One of the big stories of the year that is not receiving a ton of attention in this year-end “biggest tech stories of 2011″ conflagration, is Google’s Panda update in February (with subsequent tweaks throughout the year – see the complete change history at SEOmoz).
Something else happened in February and that was the release of WordPress 3.1, with its native support for different types of post formats. Like many WordPress bloggers, I suspect that I was slow to integrate the new post formats into my blog.
In fact, here on TaB I did not incorporate them until my latest theme update, in November. On another one of my blogs, though, I integrated some of the new post formats (quotes, asides and links) into a custom three-column Twenty Eleven child theme, with the main blog posts in one column, and the new shorter post formats in a second column.
It proved to be an efficient blog-setup, as I could post quick news items and other relevant content, without pushing the main blog posts off the front page. I have subsequently sold the blog, but it was a great proof-of-concept for what I would eventually implement, here on TaB.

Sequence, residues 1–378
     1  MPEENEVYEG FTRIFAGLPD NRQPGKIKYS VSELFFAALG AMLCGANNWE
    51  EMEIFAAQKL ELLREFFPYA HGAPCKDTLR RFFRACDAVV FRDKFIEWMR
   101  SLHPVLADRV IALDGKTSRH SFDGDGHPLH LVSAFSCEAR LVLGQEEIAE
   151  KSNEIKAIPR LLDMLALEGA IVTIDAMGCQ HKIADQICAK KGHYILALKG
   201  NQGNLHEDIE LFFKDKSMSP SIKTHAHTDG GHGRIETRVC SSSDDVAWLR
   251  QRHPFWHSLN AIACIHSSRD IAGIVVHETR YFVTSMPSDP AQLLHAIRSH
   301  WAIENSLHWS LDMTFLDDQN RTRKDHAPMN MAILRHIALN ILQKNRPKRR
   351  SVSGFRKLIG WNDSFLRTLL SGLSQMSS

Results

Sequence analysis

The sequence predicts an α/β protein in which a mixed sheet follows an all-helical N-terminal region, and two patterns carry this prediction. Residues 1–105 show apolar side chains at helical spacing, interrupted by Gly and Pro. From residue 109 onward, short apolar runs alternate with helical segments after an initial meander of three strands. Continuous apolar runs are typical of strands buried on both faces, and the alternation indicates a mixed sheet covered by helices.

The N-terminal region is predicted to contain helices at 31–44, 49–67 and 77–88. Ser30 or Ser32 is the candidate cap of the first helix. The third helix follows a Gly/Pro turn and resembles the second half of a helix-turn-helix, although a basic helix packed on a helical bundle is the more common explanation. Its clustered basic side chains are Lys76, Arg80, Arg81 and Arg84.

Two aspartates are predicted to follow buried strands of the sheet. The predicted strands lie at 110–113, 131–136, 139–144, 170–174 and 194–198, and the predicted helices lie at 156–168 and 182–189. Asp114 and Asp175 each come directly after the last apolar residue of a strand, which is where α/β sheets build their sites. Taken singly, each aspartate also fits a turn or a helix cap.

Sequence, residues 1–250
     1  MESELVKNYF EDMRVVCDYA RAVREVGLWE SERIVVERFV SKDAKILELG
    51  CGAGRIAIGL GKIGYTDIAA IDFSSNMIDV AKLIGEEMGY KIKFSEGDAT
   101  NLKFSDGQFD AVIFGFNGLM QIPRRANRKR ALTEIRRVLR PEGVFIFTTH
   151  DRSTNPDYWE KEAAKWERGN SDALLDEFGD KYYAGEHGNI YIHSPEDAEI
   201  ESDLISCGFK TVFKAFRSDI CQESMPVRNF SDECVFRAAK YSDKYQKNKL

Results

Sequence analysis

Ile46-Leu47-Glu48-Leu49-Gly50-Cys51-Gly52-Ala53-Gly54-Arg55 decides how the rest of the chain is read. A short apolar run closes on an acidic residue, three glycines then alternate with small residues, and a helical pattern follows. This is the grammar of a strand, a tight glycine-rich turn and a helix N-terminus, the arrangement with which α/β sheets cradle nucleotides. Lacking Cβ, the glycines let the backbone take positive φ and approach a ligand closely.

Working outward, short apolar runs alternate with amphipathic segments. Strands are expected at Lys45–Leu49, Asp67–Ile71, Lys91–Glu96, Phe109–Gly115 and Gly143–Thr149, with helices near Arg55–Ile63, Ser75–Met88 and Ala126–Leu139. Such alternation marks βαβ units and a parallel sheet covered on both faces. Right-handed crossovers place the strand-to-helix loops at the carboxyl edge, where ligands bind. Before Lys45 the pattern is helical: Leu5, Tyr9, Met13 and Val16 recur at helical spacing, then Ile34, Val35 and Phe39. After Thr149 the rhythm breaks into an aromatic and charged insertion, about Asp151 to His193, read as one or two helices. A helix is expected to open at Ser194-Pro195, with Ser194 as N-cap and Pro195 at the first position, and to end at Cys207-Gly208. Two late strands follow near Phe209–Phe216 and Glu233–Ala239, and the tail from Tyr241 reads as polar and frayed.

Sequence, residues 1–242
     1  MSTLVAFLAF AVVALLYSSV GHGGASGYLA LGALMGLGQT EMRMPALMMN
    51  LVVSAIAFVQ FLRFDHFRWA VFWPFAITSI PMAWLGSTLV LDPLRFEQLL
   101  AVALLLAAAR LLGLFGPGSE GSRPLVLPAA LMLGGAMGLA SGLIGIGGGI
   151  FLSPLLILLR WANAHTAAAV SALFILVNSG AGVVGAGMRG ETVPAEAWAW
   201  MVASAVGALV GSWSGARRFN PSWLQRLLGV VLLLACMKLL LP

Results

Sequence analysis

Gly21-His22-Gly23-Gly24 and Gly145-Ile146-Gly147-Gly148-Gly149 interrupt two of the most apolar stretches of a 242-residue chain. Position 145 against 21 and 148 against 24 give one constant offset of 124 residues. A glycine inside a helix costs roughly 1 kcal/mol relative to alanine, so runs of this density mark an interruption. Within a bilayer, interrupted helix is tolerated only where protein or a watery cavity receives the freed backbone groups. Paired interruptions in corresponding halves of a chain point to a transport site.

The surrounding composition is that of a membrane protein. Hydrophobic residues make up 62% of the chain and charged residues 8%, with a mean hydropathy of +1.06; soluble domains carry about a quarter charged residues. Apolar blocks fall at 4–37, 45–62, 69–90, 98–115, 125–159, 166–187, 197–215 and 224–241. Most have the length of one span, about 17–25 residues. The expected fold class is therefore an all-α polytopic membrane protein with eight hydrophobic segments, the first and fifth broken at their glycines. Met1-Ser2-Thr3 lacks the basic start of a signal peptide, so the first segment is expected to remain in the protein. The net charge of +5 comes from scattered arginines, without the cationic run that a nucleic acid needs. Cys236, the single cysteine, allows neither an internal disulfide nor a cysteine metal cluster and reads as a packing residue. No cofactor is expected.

Unfortunately, Google’s algorithm changes appear to be penalizing blogs incorporating these new, predominantly short, post formats. Granted, the numbers above are only for one blog, but after implementing the new theme in early August, there is an immediate and significant reduction in search engine traffic.
Clearly this is something to consider, if search engine traffic is a major part of your overall blogging strategy. On a more strategic note, the social web has been moving towards shorter-form content – e.g. Twitter and Tumblr, to name just a few and Google must decide whether its search engine will remain relevant. The alternative is that the social web will migrate away from Google’s search engine, to more relevant discovery tools – a segment where Google does not enjoy the same level of dominance.